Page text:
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Advancing Black Feminism In Public Health

Dr. Quinn Gentry2

By Dr. Quinn M. Gentry, Intellectual Influencer

Dr. Quinn M. Gentry, Intellectual Influencer

Dr. Quinn M. Gentry (she/her/hers; based in Atlanta, Georgia), an intellectual influencer affectionately known as “Dr Quinn,” is President and CEO of Messages of Empowerment Productions, LLC, where she applies her social and behavioral science expertise in public health, leadership development, organizational effectiveness, intervention development, and executive coaching. Her signature public health initiative, “Advancing Black Feminism in Public Health”, bridges the gap between evidence-informed research and practices and social determinants of health for black women and girls.

 

Prior to launching her public health and management consulting practice, Dr. Quinn worked as a corporate executive for several Fortune 500 companies, including Johnson & Johnson, Kimberly-Clark, and Wal-Mart Corporations. She also served as a Political Intelligence Officer for the Central Intelligence Agency (CIA), as well as a Principal Investigator, Senior Scientist, and Research Analyst on numerous programs, research, and evaluation studies at the federal, state, and local levels. In addition, she has held teaching and behavioral research positions at The Johns Hopkins Bloomberg School of Public Health, Emory University, and Georgia State University. She has guest-lectured at Howard University (School of Social Work) and Savannah State University (School of Social Work).

 

Dr. Quinn began working as a behavioral interventionist on a National Institute of Health study at Emory University’s Rollins School of Public Health in 1999, and has been researching, evaluating, developing programs, and building organizational capacity to address black women and girls’ health issues for two decades.

 

Dr. Quinn has authored over 50 technical and scientific publications and presented at top-tier professional conferences in the fields of public health and sociology. She wrote, directed, and produced “Divine Intervention”, monologue readings to bring awareness to the intersection of HIV, mental illness, substance abuse, domestic violence, and homelessness among black women.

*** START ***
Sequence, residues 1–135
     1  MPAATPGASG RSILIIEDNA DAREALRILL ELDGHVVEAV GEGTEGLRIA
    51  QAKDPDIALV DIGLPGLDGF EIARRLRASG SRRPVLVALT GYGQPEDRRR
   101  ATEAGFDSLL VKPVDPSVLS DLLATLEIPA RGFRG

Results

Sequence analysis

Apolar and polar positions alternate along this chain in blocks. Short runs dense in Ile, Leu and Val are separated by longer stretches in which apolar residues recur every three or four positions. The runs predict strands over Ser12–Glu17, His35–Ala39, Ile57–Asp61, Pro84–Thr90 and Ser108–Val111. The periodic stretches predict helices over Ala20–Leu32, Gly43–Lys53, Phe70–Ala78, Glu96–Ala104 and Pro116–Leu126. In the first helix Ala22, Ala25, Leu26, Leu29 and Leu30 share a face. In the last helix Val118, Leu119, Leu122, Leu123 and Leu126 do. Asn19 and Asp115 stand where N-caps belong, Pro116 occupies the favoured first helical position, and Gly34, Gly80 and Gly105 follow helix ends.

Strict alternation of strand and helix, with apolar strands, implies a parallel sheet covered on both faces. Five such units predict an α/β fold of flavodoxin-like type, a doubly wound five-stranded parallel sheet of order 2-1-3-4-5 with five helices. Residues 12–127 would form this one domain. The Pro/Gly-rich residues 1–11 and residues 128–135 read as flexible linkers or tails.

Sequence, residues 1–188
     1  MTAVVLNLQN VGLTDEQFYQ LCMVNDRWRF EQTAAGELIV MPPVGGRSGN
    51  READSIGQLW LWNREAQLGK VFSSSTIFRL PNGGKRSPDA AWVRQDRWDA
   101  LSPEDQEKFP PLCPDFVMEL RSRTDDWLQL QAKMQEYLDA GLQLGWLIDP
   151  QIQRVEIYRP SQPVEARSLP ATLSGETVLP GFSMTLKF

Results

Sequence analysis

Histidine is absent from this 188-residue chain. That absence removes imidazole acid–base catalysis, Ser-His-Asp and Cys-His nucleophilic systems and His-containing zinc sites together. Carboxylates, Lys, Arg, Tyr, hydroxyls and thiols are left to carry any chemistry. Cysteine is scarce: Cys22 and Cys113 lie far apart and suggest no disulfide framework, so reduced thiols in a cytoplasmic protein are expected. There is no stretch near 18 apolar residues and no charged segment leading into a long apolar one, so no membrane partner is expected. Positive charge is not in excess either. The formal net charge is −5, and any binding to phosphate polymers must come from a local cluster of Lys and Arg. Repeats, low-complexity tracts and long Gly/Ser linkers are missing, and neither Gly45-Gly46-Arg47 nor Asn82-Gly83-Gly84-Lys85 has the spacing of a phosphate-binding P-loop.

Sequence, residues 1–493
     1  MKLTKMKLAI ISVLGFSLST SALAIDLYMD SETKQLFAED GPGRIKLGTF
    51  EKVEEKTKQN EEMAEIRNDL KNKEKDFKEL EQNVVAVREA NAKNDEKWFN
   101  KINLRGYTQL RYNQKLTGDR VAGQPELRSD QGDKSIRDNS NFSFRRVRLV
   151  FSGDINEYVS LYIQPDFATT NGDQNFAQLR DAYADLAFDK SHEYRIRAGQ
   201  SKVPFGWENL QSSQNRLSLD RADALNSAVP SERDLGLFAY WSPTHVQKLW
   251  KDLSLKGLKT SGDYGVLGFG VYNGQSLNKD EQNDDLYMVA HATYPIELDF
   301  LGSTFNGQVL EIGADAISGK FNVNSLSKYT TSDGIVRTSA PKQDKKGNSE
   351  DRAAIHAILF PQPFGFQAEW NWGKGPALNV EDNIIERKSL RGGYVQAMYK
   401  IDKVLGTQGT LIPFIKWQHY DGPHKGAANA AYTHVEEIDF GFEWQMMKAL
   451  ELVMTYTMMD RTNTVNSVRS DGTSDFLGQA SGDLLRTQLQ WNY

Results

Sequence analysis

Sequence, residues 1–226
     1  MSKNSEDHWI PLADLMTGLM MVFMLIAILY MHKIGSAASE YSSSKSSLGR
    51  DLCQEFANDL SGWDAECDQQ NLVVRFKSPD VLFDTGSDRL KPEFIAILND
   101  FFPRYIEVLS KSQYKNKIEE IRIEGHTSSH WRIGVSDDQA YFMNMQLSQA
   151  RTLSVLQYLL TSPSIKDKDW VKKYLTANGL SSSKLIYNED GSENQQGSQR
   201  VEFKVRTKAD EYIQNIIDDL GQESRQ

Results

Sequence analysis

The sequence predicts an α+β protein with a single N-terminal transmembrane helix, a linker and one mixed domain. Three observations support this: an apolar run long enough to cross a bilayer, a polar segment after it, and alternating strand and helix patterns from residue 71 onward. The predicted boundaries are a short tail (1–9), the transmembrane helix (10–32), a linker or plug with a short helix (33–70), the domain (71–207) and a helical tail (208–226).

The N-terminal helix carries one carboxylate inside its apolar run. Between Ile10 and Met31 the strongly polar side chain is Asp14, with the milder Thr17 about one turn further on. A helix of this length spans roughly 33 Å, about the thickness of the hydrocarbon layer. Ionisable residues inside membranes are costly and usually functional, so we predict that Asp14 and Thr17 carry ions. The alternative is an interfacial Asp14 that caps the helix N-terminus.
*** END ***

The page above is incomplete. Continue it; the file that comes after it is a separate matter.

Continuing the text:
In 2021, Dr. Quinn was named as an HPHR Fellow; and she is an affiliate of RTI International’s Global Gender Center. She serves the community as a women’s health advocate via membership in Alpha Kappa Alpha Sorority, Inc., and the National Coalition of 100 Black Women Inc. Dr. Quinn also serves as the Senior Vice President of Engagement for the Bosspreneur Brand, where she is charged with motivating women entrepreneurs.

 

Dr. Quinn is a sought-after public health influencer, speech writer, content developer, and motivational speaker, where she inspires audiences through a glimpse into her lived experiences as the product of a teen mom, high school drop-out, where both parents loss their lives due to complications with drugs and alcohol. She is quick to remind audiences that it takes family, the faith community, schools, and community-based programs working together in the lives of youth at greater risk for falling through fragile systemic cracks.

 

Dr. Quinn is a past recipient of the Texas Christian University Leadership Award, valedictorian of the 2013 Small Business Administration’s (SBA) Emerging Leaders Program, recipient of the Red Pump Award for her work in HIV Prevention and Intervention, and the recipient of the Center for Black Women’s Wellness 20th Anniversary Health Leader Award.

 

In addition to being valedictorian of her high school class, Dr. Quinn’s higher education includes a post-doctoral fellowship from the Johns Hopkins Bloomberg School of Public Health, a Ph.D. in Sociology with a concentration in Race and Urban studies from Georgia State University; an M.B.A. from Clark Atlanta University; and a B.A. from Texas Christian University with dual majors in Political Science and History, and a minor in International Relations.

Blogs by Dr. Quinn M. Gentry, Intellectual Influencer

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Dr. Quinn discusses the significance of respecting individuals' right to self-define/value in advancing black feminism in public health

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